. In the appearance of Staten Land, we did not discover the wildness and horror that is ascribed to it in the account of Lord Anson's voyage. On the north side are the appearances of bays or harbours; and the land when we saw it, was neither destitute of wood nor verdure, nor covered with snow. The island seems to be about twelve leagues in length, and five broad.

On the west side of the Cape of Good Success, which forms the S. W. entrance of the Streight, lies Valentine's Bay, of which we only saw the entrance ; from this bay the land trends away to the W. S. W. for twenty or thirty leagues; it appears to be high and mountainous, and forms several bays and inlets.


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At the distance of fourteen leagues from the bay of Good Success, in the direction of S. W. 1 w. and, between two and three leagues from the shore, lies New Island. It is about two leagues in length from N. E. to S. W. and terminates to the N. E. in a remarkable hillock. At the distance of seven leagues from New Island, in the direction of S. W. lies the isle Evouts; and a little to the west of the south of this island lie Barnevelt's two small flat islands, close to each other; they are partly surrounded with rocks, which rise to different heights above the water, and lie twenty-four leagues from the Streight of Le Maire. At the distance of three leagues from Barnevelt's islands, in the direction of S. W. by S. lies the S. E. point of Hermit's islands : these islands lie S. E. and ·N. W. and are pretty high : from most points of view they will be taken for one island, or part of the main.

From the S. E. point of Hermit’s islands to Cape Horn the course is S. W. by S. diftant three leagues.

It can scarcely be doubted, but that most, if not all of the bays and inlets, of which we saw only the openings, afford anchorage, wood and water. The Dutch squadron, commanded by Hermit, certainly put into some of them in the year 1624 ; and it was Chapenham, the Vice Admiral of this squadron, who first discovered that the land of Cape Horn consisted of a number of islands. The account, however, which those who failed in Hermit's fleet have given of these parts is extremely defeative ; and those of Schouton and Le Maire are still worse: it is therefore no wonder that the charts hitherto published should be erroneous, not only in laying down the land, but in the latitude and longitude of the places they contain. I will, however, venture to affert, that the longitude of few parts of the world is better ascertained than that of the Streight of Le Maire and Cape Horn, as it was laid down by several observations of the sun and moon, that were made both by myself and Mr. Green.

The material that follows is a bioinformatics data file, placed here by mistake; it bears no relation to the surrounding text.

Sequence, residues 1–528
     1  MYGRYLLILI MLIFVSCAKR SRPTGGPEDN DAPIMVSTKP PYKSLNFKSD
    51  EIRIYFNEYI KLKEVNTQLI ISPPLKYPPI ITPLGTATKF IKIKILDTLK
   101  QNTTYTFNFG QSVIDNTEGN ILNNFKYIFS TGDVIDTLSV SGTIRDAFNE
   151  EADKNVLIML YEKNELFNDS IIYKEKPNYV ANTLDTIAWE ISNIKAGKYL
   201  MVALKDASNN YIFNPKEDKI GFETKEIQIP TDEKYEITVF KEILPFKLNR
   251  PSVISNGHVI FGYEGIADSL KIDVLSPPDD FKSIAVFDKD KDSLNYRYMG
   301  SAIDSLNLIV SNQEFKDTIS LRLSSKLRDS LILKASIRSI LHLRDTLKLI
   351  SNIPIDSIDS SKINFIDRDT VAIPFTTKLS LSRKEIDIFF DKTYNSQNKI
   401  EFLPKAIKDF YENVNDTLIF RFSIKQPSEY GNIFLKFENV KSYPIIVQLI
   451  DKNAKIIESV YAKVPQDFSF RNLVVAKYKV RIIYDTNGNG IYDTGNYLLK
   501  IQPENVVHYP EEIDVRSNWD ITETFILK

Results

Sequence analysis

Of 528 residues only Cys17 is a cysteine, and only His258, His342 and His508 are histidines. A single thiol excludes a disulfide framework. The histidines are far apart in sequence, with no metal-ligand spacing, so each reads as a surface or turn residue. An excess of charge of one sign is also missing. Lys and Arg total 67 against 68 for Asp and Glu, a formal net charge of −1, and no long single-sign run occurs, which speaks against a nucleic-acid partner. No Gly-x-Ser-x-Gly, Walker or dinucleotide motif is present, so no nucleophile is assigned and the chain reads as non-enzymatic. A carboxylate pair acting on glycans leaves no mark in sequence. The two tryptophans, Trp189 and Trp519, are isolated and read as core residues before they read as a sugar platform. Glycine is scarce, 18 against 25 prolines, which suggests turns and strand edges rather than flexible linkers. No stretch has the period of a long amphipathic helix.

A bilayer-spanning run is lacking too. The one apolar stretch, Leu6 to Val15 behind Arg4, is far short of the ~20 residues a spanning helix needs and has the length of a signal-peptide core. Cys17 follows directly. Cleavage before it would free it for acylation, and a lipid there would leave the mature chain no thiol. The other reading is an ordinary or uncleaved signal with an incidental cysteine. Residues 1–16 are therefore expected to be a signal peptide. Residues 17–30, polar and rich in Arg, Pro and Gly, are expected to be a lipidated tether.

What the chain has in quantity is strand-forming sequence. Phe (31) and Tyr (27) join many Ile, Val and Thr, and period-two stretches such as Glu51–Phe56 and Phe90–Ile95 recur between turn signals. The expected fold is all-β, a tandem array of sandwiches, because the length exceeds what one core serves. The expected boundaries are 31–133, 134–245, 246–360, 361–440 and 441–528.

The variation of the compass on this coast I found to be from 23° to 25o. E, except near Barnevelt's islands and Cape Horn, where we found it lers, and unsettled ; probably it is disturbed here by the land, as Hermit's squadron, in this very place, found all their VOL. I.

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compasTes differ from each other. The declination of January

the dipping needle, when set up on shore in Success Bay, was 68° 15' below the horizon.

Between Streight Le Maire and Cape Horn we found a current setting, generally very strong, to the N. E. when we were in with the shore ;' but lost it when we were at the distance of fifteen or twenty

leagues. Thurf. 26.

On the 26th of January we took our departure from Cape Horn, which lies in latitude 50° 53' S. longitude 68° 13' W. The fartheft southern latitude that we made was 60° 10', our longitude was then 74° 30'W. and we found the variation of the compass, by the mean of eighteen azimuths, to be 27° 9' E. As the weather was frequently calm, Mr. Banks went out in a small boat to shoot birds, among which were some albatrosses and sheerwaters. The albatrosses were observed to be larger than those which had been taken northward of the Streight; one of them measured ten feet two inches from the tip of one wing to that of the other, when they were extended : the Theerwater, on the contrary, is less, and darker coloured on the back. The albatroffes we skinned, and having foaked them in salt water till the morning, we parboiled them, then throwing away the liquor, stewed them in a very little fresh water till they were tender, and had them served up with favoury sauce ; thus dressed, the dish was universally commended, and we eat of it very heartily, even when there was fresh pork upon the table.

From a variety of observations which were made with great care, it appeared probable in the highest de

gree, that, from the time of our leaving the land to the February. 13th of February, when we were in latitude 49° 32', Mond. 13. and longitude 90° 37', we had no current to the west.

At this time we had advanced about 12° to the westward, and 3 and to the northward of the Streight of Magellan : having been just three and thirty days in coming round the land of Terra del Fuego, or Cape Horn, from the east entrance of the Streight to this situation. And though the doubling of Cape Horn is so much dreaded, that, in the general opinion, it is more eligible to pass through the Streight of Magellan, we were not once brought under our close